This study has some limitations. Because of the unavailability of primary data, the researcher used the GBD database that depends on predictive covariates, which may underestimate the current morbidity and mortality rates. Even if the data were available, they may not have been collected following the recommended definition or measuring technique. However, GBD adheres to “Guidelines for Accurate and Transparent Health Estimates Reporting: The GATHER Statement” that synthesises information from diverse sources to reach reliable findings . For the first time, the data in this study was used to produce the trends of prevalence, incidence, and morbidity and mortality rates of COPD during 1990–2019 in Saudi Arabia, which allow comparison with other countries.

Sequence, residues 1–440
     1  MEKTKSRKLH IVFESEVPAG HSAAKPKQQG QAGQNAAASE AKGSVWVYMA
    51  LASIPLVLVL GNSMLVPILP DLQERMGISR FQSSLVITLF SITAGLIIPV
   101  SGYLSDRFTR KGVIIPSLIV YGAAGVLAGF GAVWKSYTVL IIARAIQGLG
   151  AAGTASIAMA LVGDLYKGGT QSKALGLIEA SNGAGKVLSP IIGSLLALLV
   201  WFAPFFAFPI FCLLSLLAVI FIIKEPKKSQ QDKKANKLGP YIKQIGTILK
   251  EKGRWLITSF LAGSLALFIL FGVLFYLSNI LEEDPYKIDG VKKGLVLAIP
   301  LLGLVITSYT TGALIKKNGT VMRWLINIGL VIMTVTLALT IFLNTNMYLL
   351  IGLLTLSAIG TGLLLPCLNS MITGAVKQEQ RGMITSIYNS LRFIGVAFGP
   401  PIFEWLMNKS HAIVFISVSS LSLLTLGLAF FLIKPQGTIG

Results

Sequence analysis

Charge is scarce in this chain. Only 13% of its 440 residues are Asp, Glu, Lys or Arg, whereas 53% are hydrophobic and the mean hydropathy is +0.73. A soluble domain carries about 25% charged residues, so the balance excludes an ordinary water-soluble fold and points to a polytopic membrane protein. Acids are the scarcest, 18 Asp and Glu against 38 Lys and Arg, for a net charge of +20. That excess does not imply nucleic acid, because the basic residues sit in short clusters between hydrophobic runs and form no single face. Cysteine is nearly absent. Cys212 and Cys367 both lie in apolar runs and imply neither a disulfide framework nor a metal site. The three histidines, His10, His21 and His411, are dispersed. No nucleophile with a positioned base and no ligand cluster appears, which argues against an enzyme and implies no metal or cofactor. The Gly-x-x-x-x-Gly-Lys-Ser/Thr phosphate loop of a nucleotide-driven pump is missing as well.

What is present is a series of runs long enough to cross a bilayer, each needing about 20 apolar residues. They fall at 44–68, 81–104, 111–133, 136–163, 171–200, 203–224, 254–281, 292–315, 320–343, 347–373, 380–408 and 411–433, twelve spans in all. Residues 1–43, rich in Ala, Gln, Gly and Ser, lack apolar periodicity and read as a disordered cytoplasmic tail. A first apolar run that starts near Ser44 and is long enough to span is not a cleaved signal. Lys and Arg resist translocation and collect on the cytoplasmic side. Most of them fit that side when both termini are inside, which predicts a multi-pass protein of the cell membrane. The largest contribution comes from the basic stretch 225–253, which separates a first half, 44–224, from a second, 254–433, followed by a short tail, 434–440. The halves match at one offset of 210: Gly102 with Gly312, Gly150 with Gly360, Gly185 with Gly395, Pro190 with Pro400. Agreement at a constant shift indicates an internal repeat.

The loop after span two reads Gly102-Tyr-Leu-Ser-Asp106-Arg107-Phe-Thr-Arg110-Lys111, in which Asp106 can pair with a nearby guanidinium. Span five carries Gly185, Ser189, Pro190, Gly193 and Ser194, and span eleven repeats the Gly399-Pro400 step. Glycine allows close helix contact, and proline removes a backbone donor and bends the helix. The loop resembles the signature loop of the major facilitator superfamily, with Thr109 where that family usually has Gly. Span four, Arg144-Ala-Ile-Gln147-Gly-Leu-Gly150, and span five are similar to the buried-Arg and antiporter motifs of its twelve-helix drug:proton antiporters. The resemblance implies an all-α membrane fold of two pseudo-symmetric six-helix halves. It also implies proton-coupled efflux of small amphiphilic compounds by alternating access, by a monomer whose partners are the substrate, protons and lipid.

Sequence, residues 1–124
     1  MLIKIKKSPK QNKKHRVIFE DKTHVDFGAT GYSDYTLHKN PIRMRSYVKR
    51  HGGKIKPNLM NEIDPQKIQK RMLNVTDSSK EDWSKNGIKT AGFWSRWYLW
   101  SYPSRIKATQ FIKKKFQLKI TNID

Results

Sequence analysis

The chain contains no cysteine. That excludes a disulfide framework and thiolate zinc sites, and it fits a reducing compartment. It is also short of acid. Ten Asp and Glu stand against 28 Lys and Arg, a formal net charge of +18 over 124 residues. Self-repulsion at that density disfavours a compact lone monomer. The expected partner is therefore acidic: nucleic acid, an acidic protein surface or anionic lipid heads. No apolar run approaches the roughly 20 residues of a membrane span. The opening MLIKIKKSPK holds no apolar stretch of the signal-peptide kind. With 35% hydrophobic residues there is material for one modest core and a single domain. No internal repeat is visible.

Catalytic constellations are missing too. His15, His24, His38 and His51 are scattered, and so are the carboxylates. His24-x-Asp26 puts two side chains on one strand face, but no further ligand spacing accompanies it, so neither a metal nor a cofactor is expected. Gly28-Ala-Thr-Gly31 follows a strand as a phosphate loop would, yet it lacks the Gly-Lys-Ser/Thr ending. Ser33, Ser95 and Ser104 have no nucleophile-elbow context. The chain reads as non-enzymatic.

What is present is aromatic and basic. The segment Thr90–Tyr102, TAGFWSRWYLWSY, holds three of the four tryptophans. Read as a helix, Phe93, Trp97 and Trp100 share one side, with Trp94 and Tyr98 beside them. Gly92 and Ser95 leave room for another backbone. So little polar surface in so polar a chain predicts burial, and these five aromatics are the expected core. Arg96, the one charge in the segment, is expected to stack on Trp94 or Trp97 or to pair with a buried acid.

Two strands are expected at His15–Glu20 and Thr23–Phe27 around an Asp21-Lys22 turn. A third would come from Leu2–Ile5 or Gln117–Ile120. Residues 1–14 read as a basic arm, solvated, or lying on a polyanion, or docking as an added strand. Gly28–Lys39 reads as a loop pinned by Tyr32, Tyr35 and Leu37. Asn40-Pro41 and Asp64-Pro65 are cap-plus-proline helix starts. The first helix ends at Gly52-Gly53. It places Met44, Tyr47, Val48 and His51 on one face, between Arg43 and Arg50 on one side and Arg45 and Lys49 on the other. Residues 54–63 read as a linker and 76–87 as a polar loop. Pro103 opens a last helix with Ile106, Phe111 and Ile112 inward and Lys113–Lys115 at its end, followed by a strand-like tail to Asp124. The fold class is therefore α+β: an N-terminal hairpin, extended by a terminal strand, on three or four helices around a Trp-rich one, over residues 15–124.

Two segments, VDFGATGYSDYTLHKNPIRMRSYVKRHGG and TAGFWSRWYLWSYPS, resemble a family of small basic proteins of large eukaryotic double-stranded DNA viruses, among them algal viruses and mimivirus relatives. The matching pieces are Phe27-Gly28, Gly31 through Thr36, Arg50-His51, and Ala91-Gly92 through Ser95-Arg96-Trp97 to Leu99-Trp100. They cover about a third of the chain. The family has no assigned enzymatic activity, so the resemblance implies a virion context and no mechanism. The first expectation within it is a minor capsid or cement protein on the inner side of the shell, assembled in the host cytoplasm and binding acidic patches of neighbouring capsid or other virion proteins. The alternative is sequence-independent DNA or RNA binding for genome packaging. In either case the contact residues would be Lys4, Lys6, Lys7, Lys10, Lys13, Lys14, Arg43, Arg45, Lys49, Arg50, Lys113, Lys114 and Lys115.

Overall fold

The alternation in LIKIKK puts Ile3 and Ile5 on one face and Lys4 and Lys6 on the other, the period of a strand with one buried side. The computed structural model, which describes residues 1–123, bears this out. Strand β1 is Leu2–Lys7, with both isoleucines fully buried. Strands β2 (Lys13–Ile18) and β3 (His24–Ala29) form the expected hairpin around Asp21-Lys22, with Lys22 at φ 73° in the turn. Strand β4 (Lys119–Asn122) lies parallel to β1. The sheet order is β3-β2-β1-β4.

From 1990 to 2019 in Saudi Arabia, increased age-standardised prevalence and incidence rates of COPD were found; these were higher among males than females. Age-standardised morbidity and mortality rates declined from 1990 to 2019, but these rates were higher among Saudi males than females. As the Saudi Arabian COPD population becomes older, the rates of morbidity and death progressively rise. The holistic assessment and interventions with careful attention to optimising the community-based primary care management, such as screening for early diagnosis, smoking cessation programs and pulmonary rehabilitation, are likely to be the most successful strategies to reduce the burden of COPD in Saudi Arabia.